Within the realm of data management, there is one area that is often overlooked – data transformation. Data transformation is a relatively mundane yet fundamental data management capability – particularly when dealing with similar data from multiple sources.
Here are three simple examples:
- System A represents Male and Female as 0 and 1, while System B represents Male and Female as M and F
- System A stores dates in the US format (MM/DD/YYYY) whilst System B uses the South African format (DD/MM/YYYY)
- System A uses a comma as a decimal point (123,33) while System B uses a point (123.33)
In each case, we need to transform the data into a common format for aggregating, matching and reporting.
There are four crucial steps that can significantly assist with any data transformation process. Syncsort’s ETL (Extract, Transform and Load) and CDC (Change Data Capture) capabilities are particularly highly rated by analysts based on their ability to transform data from diverse formats e.g. when moving data from the mainframe to relational databases and Hadoop. Adding Syncsort Trillium Software to the mix ensures award-winning data profiling, cleansing and matching across these platforms
The four steps to data transformation
Step one: Data interpretation
Before we can begin any transformation process, we need to understand what our data looks like. This is most efficiently done using data profiling tools.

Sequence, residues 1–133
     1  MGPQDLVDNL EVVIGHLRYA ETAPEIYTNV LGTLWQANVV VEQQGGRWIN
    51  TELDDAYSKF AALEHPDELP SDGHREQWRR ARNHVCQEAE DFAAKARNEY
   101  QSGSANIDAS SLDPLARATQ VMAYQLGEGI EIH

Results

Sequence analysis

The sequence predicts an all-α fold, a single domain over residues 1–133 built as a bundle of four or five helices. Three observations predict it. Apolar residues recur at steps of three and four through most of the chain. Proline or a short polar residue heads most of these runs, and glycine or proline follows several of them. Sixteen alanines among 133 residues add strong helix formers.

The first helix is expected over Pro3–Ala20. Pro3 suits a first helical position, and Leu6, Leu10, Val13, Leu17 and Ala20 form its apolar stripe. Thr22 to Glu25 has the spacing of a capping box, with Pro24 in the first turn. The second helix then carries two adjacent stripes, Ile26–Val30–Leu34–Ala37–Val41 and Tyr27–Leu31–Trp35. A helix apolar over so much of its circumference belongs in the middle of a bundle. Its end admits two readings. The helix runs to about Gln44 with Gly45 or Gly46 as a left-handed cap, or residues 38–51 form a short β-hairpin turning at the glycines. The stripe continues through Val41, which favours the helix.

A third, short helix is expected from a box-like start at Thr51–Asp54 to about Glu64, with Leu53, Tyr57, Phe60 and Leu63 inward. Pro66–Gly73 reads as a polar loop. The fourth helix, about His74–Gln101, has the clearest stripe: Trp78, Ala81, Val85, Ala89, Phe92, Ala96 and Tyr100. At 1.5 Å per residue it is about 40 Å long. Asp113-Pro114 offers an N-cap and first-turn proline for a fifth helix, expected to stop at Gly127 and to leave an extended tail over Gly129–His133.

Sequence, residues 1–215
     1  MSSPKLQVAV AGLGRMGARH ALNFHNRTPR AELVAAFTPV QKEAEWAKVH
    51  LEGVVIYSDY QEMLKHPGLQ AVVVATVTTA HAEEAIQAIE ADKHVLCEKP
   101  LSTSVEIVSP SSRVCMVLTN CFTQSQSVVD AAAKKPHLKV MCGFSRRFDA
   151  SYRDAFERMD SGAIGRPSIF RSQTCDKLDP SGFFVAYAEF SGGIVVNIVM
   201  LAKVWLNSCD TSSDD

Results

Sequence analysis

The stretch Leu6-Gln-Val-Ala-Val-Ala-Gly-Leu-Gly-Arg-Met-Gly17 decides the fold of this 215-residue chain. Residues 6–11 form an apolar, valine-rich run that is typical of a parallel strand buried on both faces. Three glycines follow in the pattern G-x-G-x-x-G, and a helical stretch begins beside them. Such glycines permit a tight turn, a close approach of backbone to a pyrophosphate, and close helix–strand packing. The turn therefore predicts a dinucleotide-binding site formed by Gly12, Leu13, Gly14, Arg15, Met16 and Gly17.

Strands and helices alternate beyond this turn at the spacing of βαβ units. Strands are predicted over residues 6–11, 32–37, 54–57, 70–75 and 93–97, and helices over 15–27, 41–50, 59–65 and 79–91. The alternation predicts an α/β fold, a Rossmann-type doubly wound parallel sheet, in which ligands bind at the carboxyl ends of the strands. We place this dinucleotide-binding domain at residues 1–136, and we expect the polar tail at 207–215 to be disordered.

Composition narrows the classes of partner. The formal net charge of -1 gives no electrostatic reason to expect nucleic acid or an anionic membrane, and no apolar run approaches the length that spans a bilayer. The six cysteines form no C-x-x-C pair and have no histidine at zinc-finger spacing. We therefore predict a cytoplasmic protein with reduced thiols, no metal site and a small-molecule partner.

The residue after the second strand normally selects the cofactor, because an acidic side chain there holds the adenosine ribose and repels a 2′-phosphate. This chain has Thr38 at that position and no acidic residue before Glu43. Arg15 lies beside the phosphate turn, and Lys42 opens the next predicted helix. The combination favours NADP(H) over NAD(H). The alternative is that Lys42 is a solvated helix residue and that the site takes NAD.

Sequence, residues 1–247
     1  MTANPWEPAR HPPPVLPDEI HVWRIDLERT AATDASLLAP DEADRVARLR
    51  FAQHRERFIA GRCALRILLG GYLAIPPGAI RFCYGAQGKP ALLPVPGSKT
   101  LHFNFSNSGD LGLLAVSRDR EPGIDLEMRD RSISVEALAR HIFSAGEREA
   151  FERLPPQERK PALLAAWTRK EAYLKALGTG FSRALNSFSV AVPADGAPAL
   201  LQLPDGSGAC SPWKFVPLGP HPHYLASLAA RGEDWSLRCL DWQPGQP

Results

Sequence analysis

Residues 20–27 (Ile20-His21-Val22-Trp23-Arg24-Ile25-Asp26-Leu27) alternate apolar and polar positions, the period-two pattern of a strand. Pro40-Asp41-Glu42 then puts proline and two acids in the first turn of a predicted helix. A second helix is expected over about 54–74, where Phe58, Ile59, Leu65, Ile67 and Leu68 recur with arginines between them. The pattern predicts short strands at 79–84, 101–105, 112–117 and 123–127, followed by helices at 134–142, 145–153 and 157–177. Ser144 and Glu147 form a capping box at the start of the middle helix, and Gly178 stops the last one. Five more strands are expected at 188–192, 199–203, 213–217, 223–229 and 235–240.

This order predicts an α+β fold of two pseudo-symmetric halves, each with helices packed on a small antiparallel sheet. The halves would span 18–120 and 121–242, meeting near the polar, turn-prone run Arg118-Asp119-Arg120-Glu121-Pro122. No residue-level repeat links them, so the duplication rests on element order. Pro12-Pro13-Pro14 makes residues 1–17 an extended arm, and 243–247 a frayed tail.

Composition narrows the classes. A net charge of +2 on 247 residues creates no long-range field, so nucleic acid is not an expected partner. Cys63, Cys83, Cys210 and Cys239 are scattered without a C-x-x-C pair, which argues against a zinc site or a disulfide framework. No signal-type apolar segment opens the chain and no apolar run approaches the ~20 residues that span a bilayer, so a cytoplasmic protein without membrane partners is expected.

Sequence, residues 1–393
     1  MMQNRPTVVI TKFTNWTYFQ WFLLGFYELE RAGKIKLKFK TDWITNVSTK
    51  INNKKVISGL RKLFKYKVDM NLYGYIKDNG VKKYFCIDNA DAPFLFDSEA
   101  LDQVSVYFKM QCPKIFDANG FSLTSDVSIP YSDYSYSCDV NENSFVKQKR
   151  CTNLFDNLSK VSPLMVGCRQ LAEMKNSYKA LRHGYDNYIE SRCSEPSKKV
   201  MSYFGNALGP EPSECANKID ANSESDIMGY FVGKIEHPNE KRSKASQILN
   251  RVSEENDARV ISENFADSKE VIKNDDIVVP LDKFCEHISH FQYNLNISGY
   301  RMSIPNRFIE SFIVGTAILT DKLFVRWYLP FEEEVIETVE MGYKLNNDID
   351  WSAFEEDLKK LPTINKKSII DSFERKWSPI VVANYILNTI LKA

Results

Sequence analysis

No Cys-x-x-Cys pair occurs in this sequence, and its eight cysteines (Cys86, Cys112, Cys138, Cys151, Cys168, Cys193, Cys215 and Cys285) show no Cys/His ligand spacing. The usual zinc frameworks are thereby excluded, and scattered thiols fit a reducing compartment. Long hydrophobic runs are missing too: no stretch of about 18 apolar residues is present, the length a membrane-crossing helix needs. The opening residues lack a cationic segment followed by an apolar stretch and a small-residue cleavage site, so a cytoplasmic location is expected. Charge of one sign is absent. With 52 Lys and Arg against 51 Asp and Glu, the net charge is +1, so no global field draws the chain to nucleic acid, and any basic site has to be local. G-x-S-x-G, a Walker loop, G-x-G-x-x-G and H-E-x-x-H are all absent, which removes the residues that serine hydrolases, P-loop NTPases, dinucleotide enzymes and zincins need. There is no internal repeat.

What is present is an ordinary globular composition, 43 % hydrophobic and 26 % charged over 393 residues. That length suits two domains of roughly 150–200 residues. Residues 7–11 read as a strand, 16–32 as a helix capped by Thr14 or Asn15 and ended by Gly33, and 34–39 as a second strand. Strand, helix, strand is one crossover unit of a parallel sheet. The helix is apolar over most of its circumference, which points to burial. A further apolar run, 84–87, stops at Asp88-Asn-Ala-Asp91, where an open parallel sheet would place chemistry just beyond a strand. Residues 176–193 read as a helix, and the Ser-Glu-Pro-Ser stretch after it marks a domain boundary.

Step two: Pre-translation quality check
At this step, we validate data against known requirements and standards to identify any errors or issues that we may not expect and must address.
Step three: Data translation
This is the physical process of changing data into the required format. Interestingly, we may not only change the content of a data set, but also the format such as converting a CSV file to an XML format.
Step four: Post translation quality check
We repeat step two at after running our translation to measure the improvement and test the outcome. By planning for and following these four steps you should quickly begin to improve the usefulness of your aggregated data.
By Gary Allemann, Managing Director at Master Data Management